Plum In Your Mouth

The Age

Tuesday November 26, 1996

Roslyn Grundy and Stephanie Wood

The mission: to find the perfect Christmas pudding. The result: a triumph of tradition. By Roslyn Grundy and Stephanie Wood.

IN THE dining room, the judges worked silently, resigned and determined. In the kitchen, the air was thick with spice and spirit and the pudding rivals' nervous tension.

And between the two rooms a woman in a blue uniform shuttled trolley after trolley laden with Christmas puddings, identified only by a letter of the alphabet. Flat puddings, glistening puddings, ball-shaped puddings, log-shaped puddings, black puddings, crumbling puddings and perfect puddings.

It was the perfect pudding that the four judges sought in the 1996 Epicure Christmas Pudding Quest.

For Doreen Grisbrook, a home economics teacher with 10 years' Royal Melbourne Show judging under her belt, the perfect pudding was heavy and compact, with evenly sized pieces of fruit. And definitely no cherries.

For Michael Miller, the head of culinary studies at William Angliss College, it was a pudding with clean, well-defined fruit flavors in balance with each other and with the spices and alcohol.

For leading pastry chef Loretta Sartori, of the Collingwood cake studio Distorta, it was a pudding made with good fruit, alcohol and suet. "I don't eat meat, but the flavor that suet imparts sets puddings apart, as far as I'm concerned," she said.

And for Epicure food writer and critic Stephanie Wood, it was a moist pudding with a rich, intense flavor, well-integrated fruit and a distinct alcoholic kick.

Most of these attributes came together in the plum pudding made at Wardlaw Fine Foods. An old-fashioned plum pudding that has travelled a long road.

Half a century ago, Wardlaw employee Margaret Crowe joined a children's scramble for the silver threepences and sixpences hidden among the pudding's sultanas, currants and raisins. There are dim memories, too, of stirring the big bowl bearing the wet, raw ingredients. Of licking the wooden spoon and running her small fingers around the bowl to catch the last of the mixture.

Then she was a grown up and, like a rite of passage, her mother handed her the recipe and the responsibility for making the family's Christmas pudding. Candy the citrus peel. Steep the sultanas, currants and raisins in brandy for six hours. Grate the fresh nutmeg. Stir in the eggs and soft breadcrumbs. Spoon the mixture into a pudding basin and boil for five or six hours.

Crowe has made minor adjustments - she uses butter rather than suet, and replaces half the milk with orange juice - but essentially it is just as was set out in her mother's hand-written recipe.

Crowe took her pudding out into the big wide world almost a decade ago, when she and a couple of friends took over Toorak Tarts. Customers would return year after year, loyal to the pudding that tasted like their mothers had made it. "It's all done by hand - it's handmade like you would make yours at home," she says.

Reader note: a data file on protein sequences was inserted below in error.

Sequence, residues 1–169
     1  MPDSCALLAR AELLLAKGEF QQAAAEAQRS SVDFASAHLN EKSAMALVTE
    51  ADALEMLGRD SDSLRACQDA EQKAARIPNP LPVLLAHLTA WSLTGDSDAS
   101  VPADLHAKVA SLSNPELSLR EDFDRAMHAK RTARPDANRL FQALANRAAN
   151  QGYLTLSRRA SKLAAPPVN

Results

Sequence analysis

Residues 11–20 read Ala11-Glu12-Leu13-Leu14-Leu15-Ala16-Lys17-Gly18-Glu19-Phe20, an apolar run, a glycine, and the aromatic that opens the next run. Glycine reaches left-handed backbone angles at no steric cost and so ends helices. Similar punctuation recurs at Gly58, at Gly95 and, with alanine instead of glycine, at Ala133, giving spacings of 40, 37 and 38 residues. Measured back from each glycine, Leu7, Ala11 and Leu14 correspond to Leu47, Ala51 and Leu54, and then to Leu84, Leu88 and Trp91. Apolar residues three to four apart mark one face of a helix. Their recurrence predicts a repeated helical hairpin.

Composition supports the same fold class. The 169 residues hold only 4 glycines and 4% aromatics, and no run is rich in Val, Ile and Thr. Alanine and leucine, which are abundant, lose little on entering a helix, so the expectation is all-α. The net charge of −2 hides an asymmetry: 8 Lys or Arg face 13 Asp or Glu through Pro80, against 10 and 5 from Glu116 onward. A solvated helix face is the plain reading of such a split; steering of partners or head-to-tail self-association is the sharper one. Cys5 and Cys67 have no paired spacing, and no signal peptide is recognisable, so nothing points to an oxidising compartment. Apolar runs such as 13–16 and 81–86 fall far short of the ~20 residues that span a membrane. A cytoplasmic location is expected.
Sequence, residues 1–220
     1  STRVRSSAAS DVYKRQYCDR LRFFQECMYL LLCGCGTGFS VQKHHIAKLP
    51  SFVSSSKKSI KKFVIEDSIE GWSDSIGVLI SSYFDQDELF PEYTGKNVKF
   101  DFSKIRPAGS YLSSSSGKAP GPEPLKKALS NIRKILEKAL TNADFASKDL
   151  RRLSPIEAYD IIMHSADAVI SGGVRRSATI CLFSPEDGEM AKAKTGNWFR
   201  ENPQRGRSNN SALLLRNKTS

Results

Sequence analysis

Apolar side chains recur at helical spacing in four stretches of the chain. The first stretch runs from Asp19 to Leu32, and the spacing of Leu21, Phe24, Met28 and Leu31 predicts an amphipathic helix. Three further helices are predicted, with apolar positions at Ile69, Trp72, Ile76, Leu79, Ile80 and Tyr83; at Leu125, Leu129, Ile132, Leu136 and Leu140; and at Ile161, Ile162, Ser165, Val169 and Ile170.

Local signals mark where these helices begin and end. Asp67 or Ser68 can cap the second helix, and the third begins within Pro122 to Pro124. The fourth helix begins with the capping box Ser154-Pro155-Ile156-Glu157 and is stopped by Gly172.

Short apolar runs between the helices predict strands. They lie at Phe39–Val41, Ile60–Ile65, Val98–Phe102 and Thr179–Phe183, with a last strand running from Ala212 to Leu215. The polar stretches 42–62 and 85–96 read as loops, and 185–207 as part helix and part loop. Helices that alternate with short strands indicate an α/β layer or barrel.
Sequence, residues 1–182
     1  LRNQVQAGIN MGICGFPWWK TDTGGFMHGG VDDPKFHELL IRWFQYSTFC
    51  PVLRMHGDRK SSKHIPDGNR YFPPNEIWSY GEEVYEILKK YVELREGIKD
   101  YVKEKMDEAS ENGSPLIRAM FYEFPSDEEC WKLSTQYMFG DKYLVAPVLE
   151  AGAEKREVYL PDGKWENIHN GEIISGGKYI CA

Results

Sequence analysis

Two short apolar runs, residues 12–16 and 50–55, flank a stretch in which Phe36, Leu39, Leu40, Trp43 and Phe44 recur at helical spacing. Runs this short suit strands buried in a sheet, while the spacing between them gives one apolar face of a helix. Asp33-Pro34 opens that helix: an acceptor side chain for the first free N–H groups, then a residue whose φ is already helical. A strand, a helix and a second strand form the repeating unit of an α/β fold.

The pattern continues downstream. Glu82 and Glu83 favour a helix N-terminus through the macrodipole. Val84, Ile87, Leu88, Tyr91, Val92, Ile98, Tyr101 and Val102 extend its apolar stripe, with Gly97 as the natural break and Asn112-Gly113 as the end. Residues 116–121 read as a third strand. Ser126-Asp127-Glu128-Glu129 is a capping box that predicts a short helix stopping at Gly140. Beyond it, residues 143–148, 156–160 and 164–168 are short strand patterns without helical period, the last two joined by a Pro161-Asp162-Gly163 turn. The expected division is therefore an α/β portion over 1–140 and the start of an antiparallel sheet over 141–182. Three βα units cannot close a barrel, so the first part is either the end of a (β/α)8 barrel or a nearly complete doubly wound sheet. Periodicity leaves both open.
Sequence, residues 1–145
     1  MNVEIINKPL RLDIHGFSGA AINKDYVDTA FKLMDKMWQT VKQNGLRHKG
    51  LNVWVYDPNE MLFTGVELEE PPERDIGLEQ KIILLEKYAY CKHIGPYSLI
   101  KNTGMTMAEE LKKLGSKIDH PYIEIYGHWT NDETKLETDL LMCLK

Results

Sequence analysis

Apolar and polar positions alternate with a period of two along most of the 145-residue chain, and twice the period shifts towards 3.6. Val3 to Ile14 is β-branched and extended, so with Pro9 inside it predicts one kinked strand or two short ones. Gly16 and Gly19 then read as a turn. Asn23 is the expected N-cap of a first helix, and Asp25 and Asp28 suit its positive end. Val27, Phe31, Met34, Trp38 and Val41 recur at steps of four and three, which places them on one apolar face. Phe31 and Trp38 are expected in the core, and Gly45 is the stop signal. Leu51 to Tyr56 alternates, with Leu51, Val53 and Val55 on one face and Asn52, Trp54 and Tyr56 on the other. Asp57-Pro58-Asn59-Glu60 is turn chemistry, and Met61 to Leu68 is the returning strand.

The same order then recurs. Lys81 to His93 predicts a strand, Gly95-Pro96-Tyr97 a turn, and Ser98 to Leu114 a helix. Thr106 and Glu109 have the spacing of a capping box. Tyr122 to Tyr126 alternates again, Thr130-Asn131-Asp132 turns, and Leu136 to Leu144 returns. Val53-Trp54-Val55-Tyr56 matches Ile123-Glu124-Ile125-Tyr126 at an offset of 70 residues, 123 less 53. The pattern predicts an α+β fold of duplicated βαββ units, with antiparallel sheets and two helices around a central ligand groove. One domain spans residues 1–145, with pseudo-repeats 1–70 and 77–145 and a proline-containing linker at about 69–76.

Last year, Crowe brought her piece of family history to the Brighton cafe and catering firm owned by Jay and Rachel Wardlaw. "We made them last year and people thought they were too expensive, but once they tasted them they could see why," says Jay Wardlaw of the pudding for which only the best will do. The finest fruit. Freshly squeezed orange juice. Quality brandy.

And the pudding quest judges could pick the difference. They inhaled the tradition with a mellow aroma of fruit, spice and brandy, and unanimously awarded Crowe's perfect bowl-shaped pudding top marks for appearance, mouth feel, aroma and taste.

"It was clearly a winner," says Stephanie Wood. "While it might not have been as moist as some of the others, it looked pretty damn good, cut well and had an enticing aroma and flavor."

Doreen Grisbrook agrees: "That was a great pudding, wasn't it?"

"It wouldn't put you to bed after a Christmas lunch groaning," says Michael Miller, a judge in Epicure's first pudding quest two years ago.

This year, Miller says, standards were higher. "I thought there were three or four quite acceptable ones, another four or five were just OK, and a third (of them) you just wouldn't serve to anyone."

There certainly were some puddings that the judges turned their noses up at. The tasting was punctuated by occasional grimaces and groans as they encountered a whiff of cheap essence or spirit, a chunk of rough-hewn peel, an unpleasant, cloying aftertaste.

"Some of the competitors have lost touch with what it could be: plump fruit in quality alcohol ... fresh zest," says Loretta Sartori. "If people are not keen on candying their own peel they should just use fresh zest, and avoid essences."

Says Miller: "I think some of them had far too much spice and some had far too much alcohol and some really poor alcohol. I want a really clean fruit flavor to be the first thing I taste."